Peaceful Reunification


Chinese leaders have been at great pains to make clear that the new Anti-Secession Law, ratified by the 10th National People’s Congress, the country’s top legislature, at its annual session held this month, is a “law for peace,” and not a “war authorization law.” The firm belief is held that with implementation of a series of measures established by the Chinese Government related to cross-strait relations, people will understand this law is formulated to oppose secession and maintain the cross-strait status quo until such time as peaceful reunification takes place. It is therefore a preventive, not an offensive law.

There is no hint of intimidation or threats in any part of the law’s text. On the contrary, the tone of the wording is mild and clearly expresses the mainland’s good will and sincerity. Excessive coverage given by some publications of “non-peaceful means and other necessary measures” not only distorts the general meaning of the law, but also goes against the peaceful dialogue and contact across the strait.

Various methods and strategies of peaceful reunification cover four fifths of the law. Among the total 10 articles, eight are related to the idea of “peaceful reunification.” Basic principles and standpoints put forth by Chinese leaders as well as a series of guidelines and policies over the past two decades are written into the law in order to encourage and facilitate, in forms of law, personnel exchange across the strait, encourage and facilitate economic and cultural exchange, promote direct links of trade, mail and air and shipping services across the strait and protect the legitimate rights and interests of Taiwan compatriots. It also ensures that the two sides of the Taiwan Strait may consult and negotiate any matters based on the principle of one China.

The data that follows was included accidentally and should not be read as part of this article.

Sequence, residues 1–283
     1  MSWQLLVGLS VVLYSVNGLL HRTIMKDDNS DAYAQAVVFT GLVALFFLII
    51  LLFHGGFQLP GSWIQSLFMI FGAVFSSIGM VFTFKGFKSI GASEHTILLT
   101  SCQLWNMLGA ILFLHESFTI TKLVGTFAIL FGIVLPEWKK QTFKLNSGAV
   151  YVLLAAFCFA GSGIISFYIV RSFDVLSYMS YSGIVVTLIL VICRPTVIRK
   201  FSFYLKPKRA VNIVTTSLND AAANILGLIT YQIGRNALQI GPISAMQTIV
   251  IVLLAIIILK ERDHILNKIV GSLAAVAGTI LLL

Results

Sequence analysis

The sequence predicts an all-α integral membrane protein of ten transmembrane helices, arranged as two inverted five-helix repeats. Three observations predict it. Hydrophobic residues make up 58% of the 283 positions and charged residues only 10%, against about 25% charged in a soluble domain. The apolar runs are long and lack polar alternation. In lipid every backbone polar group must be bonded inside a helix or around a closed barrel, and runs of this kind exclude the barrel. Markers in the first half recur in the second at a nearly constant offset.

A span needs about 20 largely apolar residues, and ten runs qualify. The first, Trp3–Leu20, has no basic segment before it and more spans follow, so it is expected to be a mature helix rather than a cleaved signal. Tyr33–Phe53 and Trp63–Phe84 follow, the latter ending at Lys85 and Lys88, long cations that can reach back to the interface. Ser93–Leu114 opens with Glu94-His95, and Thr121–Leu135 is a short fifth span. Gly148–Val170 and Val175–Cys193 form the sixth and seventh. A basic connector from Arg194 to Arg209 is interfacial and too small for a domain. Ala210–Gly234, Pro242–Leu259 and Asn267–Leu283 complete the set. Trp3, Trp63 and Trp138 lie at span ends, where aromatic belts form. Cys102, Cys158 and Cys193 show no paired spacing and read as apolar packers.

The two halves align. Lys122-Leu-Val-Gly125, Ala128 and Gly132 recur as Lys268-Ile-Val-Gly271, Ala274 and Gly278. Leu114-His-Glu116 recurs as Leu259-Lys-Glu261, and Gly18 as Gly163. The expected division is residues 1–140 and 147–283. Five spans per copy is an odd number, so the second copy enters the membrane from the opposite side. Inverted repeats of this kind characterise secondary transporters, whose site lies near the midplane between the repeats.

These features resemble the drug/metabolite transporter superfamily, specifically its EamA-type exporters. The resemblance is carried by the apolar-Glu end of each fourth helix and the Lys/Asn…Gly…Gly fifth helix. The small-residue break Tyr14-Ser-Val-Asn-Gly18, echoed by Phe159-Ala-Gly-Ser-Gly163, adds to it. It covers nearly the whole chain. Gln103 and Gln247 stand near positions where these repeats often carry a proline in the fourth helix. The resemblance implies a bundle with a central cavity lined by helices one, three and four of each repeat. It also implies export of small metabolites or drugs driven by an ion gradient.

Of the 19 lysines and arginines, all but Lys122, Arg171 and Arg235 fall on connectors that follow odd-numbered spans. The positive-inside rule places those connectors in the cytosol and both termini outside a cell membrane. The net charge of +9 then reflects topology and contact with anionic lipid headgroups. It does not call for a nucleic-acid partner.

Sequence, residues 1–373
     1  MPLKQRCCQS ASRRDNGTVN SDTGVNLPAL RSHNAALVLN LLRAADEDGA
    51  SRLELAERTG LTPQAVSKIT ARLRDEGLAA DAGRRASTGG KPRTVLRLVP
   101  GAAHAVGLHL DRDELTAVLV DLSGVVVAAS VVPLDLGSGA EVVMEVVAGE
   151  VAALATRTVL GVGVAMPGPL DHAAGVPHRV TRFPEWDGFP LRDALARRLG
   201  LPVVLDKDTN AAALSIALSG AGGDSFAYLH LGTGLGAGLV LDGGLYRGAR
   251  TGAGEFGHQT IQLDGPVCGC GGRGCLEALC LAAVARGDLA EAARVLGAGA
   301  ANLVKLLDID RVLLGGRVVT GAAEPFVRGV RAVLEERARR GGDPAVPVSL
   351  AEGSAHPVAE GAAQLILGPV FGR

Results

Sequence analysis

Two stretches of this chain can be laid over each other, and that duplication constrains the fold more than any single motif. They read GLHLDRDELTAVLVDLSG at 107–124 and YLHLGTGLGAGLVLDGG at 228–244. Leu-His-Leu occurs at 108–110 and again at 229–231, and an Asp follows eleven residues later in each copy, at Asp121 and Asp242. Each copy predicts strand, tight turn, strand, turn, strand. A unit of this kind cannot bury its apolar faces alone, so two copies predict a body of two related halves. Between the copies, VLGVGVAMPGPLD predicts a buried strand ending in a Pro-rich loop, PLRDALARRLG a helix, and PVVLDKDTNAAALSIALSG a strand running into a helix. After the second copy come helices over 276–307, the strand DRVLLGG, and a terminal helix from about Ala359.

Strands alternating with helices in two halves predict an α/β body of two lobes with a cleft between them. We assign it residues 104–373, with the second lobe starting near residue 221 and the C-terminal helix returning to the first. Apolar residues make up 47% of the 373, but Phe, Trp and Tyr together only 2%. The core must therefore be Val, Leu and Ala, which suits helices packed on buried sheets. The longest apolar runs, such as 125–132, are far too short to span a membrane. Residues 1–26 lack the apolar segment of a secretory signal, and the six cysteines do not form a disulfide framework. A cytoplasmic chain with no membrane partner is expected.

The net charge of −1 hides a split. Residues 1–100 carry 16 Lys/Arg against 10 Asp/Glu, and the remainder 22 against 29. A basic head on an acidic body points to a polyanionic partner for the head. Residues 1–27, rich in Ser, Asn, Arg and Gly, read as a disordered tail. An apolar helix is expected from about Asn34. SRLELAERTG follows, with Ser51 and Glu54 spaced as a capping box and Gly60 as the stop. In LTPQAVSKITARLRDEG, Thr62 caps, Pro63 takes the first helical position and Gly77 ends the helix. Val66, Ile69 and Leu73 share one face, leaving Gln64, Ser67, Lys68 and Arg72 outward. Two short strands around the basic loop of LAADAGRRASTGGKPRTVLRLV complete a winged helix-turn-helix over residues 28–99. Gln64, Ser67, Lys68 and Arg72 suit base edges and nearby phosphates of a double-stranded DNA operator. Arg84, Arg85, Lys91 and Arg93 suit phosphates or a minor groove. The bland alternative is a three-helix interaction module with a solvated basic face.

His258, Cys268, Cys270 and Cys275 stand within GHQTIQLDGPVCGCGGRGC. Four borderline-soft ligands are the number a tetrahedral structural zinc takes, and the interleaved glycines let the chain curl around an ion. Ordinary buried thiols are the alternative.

This indicates that the mainland does “do its utmost with maximum sincerity” to seek peaceful reunification. From this point of view, the Anti-Secession Law is a law expressing sincerity, neither a war mobilization order nor a so-called “law for seizing Taiwan.”

The Taiwan question is one that is left over from China’s civil war of the late 1940s; therefore it stands to reason that the two sides in the civil war are to be reunified. It is also the usual practice adopted by many countries to oppose and check secession in accordance with the law. Promulgation of the Anti-Secession Law is not prompted by a sudden impulse. The law is adopted because the secessionists in the name of “Taiwan independence” are trying to unilaterally break the peaceful and stable structure across the strait. Promulgation of the Anti-Secession Law will prevent them from challenging the principle of one China so that peace across the strait will not be influenced by the “trouble” brought by the “Taiwan independence” secessionists.

The international community generally acknowledges the principle of one China. Only if the “Taiwan independence” secessionist forces should cause Taiwan’s secession from China, or possibilities for a peaceful reunification should become completely exhausted, would there be “non-peaceful means” employed. Certainly, if some people from Taiwan provoke the internationally accepted principle of one China, they must take responsibility for their own actions.